WASHINGTON — The majority of Americans report they have had a good year when it comes to their personal health, and are paying more attention to their health compared to just a few years ago, according to From Hope to Cures: PhRMA’s Second Annual National Health Survey.
The survey, which explores Americans’ attitudes on personal health and medical concerns, also brought to light three new trends evolving under the shifting healthcare landscape. Americans are seeking new sources of health information and are taking decision-making into their own hands, a large majority of Americans (78%) report they seek sources outside of their doctor’s office for health information, and 1-in-4 (25%) have done something different than what their doctor recommended.
"While Americans are optimistic about their own health and that of their families, they are significantly less positive about the health of the nation as a whole.”Americans report confusion around basic health-and-wellness facts and practices, most notably around childhood vaccines, which 1-in-4 Americans (25%) believe can cause autism.
And while most Americans are optimistic about their health, minority communities have unique health concerns and barriers. Among African Americans, 25% report they are dealing with diabetes, compared to 17% of Hispanics and 11% of whites.
“It’s crucial to keep the patient at the center of the healthcare dialogue in order to improve health outcomes in America,” said John Castellani, president and CEO of PhRMA. “This year’s survey not only provides a current snapshot of how Americans feel about their health and wellness, it reveals important new trends on where Americans are turning for health information and how they are making personal health care decisions.”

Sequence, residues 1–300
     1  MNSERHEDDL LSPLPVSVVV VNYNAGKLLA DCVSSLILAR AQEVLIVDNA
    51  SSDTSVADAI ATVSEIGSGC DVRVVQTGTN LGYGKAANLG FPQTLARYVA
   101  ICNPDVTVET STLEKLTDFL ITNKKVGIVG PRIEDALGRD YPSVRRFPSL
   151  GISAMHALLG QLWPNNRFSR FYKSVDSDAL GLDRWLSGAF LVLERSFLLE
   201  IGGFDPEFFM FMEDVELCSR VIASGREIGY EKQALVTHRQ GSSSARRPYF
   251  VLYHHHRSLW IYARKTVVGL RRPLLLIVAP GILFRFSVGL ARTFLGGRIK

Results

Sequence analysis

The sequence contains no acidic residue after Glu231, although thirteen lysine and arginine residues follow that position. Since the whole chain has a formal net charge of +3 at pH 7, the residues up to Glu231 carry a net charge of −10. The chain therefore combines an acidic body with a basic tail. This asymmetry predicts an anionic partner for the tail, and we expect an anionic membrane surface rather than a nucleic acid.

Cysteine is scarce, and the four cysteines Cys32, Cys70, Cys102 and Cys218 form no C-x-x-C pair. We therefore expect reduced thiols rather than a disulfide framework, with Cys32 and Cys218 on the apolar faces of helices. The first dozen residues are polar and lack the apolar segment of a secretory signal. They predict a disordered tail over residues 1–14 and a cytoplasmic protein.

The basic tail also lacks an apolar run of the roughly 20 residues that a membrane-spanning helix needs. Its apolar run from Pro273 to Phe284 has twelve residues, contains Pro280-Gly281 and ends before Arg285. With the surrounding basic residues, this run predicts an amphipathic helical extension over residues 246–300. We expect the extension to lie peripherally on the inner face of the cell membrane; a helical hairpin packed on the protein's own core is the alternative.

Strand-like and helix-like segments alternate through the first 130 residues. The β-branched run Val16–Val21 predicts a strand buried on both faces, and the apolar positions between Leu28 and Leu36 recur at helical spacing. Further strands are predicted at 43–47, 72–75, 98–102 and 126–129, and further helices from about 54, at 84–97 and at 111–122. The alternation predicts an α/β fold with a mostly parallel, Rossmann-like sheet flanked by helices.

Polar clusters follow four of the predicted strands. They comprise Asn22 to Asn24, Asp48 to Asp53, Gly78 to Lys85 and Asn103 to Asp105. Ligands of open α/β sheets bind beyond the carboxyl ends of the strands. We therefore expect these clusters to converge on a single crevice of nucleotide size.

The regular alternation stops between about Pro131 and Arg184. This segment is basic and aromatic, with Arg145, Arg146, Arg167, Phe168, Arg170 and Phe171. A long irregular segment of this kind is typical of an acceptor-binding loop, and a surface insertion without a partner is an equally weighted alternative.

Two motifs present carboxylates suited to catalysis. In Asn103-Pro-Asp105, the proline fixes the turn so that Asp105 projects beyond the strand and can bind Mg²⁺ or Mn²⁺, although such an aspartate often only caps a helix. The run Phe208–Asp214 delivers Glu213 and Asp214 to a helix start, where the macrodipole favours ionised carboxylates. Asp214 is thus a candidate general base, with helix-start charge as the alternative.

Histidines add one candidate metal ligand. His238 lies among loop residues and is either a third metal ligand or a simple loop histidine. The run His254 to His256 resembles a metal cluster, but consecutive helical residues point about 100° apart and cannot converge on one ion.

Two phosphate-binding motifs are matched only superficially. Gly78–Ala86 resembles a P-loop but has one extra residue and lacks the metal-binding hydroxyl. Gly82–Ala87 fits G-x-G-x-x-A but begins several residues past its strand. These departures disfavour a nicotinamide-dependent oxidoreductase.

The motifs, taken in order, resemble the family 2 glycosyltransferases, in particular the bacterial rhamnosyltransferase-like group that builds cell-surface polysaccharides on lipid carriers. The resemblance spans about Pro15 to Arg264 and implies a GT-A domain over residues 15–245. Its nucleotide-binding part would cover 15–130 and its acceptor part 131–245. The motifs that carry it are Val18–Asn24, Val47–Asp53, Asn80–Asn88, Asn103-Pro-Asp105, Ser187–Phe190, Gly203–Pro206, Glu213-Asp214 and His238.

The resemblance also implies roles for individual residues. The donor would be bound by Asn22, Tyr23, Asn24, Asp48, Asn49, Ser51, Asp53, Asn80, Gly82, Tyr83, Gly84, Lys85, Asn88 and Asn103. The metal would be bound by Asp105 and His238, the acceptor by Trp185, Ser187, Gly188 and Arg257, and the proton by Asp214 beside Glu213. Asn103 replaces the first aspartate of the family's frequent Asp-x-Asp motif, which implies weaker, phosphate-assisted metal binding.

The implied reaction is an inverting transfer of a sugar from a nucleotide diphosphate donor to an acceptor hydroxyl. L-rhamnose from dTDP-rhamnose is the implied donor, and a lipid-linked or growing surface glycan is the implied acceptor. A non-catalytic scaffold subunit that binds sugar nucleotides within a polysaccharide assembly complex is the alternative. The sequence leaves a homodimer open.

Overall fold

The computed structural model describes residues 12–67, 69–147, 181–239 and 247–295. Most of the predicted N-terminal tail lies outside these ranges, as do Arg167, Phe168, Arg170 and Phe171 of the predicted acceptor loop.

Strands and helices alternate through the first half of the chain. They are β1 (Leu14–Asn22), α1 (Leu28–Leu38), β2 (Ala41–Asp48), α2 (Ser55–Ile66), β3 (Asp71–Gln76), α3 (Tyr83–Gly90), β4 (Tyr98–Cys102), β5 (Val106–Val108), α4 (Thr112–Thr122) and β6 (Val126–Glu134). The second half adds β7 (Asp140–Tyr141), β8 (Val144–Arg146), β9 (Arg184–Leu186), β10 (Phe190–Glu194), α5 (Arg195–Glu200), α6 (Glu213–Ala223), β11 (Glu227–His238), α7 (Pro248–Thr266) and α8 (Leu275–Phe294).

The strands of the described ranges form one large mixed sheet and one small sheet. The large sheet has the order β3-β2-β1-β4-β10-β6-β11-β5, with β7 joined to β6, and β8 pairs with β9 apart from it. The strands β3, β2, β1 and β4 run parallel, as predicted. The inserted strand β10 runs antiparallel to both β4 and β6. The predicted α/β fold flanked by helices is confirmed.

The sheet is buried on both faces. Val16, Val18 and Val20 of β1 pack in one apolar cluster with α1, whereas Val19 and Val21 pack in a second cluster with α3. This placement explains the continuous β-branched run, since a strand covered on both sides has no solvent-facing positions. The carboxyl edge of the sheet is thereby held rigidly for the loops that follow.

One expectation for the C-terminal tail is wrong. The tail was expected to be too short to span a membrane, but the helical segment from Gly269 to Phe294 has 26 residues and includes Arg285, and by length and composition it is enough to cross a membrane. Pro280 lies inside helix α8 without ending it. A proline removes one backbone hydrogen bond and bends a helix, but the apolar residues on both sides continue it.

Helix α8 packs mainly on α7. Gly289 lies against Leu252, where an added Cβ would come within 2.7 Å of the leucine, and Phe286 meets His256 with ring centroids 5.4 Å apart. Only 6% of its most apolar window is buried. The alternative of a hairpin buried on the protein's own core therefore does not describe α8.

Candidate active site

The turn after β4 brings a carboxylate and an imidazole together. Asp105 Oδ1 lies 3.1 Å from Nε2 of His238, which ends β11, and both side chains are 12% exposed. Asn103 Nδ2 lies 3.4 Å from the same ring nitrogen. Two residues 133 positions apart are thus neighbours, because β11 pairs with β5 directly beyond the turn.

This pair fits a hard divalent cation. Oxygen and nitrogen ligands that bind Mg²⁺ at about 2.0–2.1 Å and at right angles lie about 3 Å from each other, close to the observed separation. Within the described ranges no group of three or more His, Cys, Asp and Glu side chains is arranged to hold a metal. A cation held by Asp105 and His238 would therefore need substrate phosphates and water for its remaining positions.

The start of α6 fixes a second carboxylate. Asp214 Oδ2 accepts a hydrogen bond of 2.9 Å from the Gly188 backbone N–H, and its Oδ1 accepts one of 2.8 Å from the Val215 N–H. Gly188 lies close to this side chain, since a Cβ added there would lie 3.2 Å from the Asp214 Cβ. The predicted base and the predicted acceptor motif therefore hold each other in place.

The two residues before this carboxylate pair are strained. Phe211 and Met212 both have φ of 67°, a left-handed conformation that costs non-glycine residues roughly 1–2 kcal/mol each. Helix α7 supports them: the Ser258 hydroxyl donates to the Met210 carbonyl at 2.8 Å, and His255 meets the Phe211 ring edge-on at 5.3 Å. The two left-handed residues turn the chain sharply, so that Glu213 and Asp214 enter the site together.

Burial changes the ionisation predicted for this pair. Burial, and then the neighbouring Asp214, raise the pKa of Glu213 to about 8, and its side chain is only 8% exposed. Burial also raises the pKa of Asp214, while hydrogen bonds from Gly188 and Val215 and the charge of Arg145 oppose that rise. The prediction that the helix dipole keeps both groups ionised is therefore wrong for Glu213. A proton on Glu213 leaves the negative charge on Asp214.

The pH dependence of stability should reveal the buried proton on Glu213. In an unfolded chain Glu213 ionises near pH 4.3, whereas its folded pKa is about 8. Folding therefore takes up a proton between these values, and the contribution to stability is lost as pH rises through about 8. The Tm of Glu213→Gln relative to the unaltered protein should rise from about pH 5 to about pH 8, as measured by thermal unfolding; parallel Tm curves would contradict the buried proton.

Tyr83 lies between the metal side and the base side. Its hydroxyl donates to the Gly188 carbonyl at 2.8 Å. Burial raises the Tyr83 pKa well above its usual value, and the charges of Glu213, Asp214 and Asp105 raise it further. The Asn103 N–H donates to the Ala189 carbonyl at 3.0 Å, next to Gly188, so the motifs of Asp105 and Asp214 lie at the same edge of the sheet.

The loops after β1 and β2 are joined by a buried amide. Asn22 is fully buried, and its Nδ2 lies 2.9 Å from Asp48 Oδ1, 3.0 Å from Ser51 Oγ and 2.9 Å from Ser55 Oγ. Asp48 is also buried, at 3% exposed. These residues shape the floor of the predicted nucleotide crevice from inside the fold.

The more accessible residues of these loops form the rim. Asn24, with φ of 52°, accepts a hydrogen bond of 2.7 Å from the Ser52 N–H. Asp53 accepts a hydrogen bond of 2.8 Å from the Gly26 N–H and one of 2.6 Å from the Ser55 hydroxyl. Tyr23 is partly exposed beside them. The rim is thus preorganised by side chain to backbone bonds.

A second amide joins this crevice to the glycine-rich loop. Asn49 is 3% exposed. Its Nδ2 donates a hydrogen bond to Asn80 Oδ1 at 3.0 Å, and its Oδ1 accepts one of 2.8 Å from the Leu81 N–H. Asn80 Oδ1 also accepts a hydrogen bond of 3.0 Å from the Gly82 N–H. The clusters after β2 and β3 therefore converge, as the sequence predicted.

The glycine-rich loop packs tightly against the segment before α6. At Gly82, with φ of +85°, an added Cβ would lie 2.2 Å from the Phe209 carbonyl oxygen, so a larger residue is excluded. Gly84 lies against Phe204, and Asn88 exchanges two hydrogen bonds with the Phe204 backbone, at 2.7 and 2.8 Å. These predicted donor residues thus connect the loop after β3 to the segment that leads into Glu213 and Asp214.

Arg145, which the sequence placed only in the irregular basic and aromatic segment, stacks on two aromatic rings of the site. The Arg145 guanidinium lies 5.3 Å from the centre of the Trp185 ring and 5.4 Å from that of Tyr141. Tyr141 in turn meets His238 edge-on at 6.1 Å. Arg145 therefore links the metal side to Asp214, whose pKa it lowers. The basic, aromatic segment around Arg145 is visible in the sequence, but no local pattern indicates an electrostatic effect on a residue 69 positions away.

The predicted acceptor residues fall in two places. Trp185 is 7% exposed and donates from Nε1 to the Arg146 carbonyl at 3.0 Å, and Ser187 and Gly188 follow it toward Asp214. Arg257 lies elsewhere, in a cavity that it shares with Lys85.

Among the key findings:
- 66% of Americans report they have had a good year when it comes to their own health, while 63% report it has been a good year for their family’s health;
- 58% of Americans report they are paying more attention to their health now compared with just a few years ago, with weight management, diet and exercise topping the list of personal health concerns; and
- 20% report it was a good health year for Americans overall.
“While Americans are optimistic about their own health and that of their families, they are significantly less positive about the health of the nation as a whole,” said Geoff Garin, president of Hart Research Associates. “These findings reveal a disconnect in perceptions of how Americans view themselves and that of the average American in the context of today’s rapidly evolving healthcare system.”
The survey, conducted by Hart Research Associates, polled 1,207 Americans.